How the Bunny Became an Easter Icon!


By Patrick D. Bonin

Hopping right behind Santa Claus in most kids’ minds is the Easter Bunny, who will once again spring into action bright and early this Sunday morning.

While the tradition of Santa bringing gifts to children in honor of Jesus’ birth is pretty straightforward, the origin of the Easter Bunny celebrating His resurrection with eggs and candy might leave you scratching your head.

So how did a rabbit and brightly colored eggs become associated with Jesus rising from the dead on Easter morning?

According to the University of Florida’s Center for Children’s Literature and Culture, the Easter Bunny is traced back to 13th-century pre-Christian Germany, when people worshipped several gods and goddesses.

“Eostra” was the goddess of spring and fertility, and feasts were held in her honor on the Vernal Equinox. She was symbolized by a rabbit because of the animal’s high reproduction rate.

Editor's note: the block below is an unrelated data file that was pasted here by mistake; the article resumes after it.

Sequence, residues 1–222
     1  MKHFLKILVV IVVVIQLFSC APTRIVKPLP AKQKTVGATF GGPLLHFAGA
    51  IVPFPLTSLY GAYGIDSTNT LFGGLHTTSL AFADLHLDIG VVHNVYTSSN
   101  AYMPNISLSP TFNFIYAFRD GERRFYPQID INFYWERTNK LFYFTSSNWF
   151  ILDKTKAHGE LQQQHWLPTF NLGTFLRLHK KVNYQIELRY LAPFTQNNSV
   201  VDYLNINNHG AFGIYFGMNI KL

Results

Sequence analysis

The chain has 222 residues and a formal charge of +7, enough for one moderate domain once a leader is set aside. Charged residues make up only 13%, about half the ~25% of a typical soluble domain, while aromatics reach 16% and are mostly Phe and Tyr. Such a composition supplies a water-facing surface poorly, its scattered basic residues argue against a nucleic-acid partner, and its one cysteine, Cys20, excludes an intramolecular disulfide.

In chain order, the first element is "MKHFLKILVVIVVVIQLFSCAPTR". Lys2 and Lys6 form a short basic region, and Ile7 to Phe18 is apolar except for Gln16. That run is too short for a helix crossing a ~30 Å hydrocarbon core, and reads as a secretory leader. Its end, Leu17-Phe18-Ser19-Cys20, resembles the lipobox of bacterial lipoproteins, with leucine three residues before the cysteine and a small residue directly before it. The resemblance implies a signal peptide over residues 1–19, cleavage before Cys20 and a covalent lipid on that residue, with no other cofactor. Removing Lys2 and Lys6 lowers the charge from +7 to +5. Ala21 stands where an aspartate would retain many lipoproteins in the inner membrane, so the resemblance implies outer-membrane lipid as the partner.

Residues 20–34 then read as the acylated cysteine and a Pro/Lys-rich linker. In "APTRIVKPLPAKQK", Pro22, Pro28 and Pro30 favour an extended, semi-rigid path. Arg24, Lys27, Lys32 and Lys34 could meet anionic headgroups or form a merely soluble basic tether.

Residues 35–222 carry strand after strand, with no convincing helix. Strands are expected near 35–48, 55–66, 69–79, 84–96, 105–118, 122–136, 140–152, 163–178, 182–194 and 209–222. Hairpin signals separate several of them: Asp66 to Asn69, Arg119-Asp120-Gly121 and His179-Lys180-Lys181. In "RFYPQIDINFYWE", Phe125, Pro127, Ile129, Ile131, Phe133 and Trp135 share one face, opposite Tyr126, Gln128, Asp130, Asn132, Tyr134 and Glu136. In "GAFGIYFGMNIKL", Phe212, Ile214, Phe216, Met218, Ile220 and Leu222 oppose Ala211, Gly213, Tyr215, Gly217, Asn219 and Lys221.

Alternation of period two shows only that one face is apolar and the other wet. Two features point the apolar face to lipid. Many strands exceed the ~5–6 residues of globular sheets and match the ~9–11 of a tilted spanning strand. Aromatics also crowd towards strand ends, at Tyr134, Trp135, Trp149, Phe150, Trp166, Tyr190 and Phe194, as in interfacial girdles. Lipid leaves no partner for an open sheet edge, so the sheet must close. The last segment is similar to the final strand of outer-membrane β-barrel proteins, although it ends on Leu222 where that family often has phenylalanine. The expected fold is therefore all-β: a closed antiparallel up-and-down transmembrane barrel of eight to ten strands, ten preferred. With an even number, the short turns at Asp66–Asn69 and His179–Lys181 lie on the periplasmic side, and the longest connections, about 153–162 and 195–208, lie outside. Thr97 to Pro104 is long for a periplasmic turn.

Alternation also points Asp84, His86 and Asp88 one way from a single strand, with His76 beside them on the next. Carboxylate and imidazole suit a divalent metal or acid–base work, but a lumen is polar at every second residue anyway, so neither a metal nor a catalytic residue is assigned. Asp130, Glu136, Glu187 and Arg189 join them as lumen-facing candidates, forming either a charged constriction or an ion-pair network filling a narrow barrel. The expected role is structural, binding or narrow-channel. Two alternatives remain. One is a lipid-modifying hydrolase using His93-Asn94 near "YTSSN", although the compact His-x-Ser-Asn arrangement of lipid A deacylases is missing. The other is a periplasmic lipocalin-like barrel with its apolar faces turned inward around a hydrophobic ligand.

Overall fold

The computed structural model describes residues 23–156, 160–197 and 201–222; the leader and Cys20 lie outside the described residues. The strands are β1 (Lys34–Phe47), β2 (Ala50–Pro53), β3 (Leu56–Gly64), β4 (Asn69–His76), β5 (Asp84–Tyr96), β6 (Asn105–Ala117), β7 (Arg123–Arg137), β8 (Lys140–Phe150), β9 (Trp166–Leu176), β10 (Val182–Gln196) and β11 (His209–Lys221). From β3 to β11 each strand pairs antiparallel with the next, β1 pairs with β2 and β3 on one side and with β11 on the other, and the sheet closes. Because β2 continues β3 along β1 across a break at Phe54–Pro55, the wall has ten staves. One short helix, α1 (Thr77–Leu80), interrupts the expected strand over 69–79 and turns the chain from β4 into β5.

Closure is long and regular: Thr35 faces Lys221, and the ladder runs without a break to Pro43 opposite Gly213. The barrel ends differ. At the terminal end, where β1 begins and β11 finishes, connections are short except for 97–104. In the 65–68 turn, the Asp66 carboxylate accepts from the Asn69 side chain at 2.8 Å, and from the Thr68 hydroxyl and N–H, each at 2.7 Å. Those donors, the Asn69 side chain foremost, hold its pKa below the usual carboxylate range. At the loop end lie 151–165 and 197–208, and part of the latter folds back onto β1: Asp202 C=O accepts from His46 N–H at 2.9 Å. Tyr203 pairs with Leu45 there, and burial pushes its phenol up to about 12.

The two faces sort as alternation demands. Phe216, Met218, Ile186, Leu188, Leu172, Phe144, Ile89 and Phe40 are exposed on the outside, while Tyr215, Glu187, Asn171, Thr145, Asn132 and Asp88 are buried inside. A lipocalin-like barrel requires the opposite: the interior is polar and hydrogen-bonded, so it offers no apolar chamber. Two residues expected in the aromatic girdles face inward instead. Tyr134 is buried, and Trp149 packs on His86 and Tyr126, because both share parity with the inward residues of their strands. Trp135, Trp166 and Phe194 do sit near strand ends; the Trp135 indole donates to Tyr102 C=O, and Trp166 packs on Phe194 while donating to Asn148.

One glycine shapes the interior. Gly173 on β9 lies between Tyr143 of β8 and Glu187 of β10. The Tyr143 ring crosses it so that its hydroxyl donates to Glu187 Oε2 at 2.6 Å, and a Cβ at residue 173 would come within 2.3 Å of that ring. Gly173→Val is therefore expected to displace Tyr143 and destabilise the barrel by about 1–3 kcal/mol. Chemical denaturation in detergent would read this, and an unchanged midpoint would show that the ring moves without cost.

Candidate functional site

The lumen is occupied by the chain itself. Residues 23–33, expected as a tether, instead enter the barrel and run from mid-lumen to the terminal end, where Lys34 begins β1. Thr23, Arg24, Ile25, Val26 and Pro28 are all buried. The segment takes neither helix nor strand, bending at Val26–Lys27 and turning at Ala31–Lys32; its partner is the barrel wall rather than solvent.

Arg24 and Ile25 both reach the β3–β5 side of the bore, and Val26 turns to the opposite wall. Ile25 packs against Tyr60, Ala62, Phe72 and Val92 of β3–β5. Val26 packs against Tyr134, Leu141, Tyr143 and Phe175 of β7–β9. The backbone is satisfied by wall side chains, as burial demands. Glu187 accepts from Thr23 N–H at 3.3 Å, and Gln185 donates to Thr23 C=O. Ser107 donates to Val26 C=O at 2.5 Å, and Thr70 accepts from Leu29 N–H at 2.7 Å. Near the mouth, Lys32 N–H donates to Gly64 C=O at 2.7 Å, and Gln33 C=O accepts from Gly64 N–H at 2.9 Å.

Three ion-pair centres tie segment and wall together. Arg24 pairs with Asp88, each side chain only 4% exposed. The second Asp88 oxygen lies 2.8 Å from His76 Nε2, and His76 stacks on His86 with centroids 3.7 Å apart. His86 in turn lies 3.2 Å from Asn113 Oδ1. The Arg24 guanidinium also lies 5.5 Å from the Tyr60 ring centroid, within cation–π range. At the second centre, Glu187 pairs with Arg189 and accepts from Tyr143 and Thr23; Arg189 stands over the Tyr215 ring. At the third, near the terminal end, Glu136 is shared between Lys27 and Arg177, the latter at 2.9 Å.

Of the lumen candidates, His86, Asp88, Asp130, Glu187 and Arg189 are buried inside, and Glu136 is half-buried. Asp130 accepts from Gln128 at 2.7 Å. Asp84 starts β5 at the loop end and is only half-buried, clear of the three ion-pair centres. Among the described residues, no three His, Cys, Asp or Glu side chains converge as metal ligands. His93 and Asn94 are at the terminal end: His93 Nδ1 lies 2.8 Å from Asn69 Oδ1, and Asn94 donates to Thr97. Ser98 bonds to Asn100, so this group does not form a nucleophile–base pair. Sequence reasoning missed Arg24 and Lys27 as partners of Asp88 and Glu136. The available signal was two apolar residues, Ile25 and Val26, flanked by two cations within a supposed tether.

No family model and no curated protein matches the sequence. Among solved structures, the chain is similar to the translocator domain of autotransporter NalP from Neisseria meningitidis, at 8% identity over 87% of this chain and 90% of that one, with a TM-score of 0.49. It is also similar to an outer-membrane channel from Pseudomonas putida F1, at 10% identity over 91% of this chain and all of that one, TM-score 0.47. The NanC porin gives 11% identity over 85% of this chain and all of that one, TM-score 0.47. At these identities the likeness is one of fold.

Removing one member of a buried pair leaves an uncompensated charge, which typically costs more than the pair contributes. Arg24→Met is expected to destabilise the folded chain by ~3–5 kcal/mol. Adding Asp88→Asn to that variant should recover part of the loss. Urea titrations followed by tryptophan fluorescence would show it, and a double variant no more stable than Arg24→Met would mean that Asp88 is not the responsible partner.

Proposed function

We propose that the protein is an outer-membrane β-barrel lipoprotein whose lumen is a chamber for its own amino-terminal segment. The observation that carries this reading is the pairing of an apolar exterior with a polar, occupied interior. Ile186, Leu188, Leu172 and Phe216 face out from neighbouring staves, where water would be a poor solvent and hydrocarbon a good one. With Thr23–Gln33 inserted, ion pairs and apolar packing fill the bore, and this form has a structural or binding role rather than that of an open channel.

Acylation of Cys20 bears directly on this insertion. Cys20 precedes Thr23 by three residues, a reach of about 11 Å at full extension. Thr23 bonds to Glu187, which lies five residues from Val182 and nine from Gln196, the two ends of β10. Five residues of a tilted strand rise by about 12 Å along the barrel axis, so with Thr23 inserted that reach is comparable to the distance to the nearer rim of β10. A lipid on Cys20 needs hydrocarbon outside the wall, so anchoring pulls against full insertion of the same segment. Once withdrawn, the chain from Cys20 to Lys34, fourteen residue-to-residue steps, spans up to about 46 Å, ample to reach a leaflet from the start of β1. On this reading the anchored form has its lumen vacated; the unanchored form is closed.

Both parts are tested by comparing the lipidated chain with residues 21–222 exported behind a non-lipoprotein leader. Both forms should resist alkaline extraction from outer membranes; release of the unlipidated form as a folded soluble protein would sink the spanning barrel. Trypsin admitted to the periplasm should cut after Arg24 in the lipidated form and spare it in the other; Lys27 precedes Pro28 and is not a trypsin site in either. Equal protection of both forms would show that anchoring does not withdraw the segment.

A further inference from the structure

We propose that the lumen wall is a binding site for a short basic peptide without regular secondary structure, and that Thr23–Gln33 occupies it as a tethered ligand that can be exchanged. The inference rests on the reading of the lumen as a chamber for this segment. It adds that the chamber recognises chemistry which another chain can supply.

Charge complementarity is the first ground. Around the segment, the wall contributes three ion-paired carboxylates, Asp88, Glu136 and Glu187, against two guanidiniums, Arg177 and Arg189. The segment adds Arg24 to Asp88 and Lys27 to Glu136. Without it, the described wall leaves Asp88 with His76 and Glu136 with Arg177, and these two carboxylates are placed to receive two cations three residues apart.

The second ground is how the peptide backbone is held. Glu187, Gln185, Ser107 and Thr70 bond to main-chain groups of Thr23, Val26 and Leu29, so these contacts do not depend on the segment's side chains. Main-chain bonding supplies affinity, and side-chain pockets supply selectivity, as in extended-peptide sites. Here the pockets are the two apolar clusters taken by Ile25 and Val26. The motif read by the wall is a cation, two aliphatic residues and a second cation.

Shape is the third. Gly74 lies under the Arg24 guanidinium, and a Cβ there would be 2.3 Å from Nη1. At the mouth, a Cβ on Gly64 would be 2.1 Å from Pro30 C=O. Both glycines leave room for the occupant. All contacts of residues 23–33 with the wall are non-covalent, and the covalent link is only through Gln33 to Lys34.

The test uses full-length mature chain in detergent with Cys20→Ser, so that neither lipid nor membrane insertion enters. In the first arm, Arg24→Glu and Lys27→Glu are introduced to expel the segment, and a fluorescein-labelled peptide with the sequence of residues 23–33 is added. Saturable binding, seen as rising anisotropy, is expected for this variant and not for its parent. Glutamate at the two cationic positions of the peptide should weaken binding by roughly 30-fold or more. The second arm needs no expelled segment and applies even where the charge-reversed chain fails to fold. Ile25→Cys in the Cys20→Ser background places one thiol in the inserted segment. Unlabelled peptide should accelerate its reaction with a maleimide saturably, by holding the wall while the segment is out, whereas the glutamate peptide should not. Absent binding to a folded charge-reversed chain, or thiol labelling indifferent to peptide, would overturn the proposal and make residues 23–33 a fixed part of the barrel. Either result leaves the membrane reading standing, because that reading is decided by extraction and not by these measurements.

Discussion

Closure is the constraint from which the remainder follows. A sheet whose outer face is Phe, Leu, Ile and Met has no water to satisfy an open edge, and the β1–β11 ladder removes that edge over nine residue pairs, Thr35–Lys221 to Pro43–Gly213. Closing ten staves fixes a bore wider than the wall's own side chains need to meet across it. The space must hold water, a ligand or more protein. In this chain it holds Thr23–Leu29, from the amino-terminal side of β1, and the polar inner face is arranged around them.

And after cold, harsh winters, spring symbolized new life and rebirth. Easter eggs represent Jesus resurrection, according to History.com. But this association came about much later, when Roman Catholicism became the dominant religion in Germany in the 15th century and merged with already ingrained pagan beliefs.

The legend of Osterhase (or the Easter Bunny) was first documented in the 1500s, and by 1680 the first story about a rabbit laying eggs in a garden was published. These fables were brought to the United States in the 1700s, when German immigrants settled in Dutch Pennsylvania.

According to Discovery.com, the tradition of making nests for the rabbit to lay its eggs soon followed. Those nests eventually became decorated baskets, and eggs eventually transitioned to candy, treats and other small gifts.

Christians and non-Christians alike look forward to Easter as a celebration of life and family, and the Easter Bunny, the ancient symbol of fertility, is the central figure.

Happy Easter!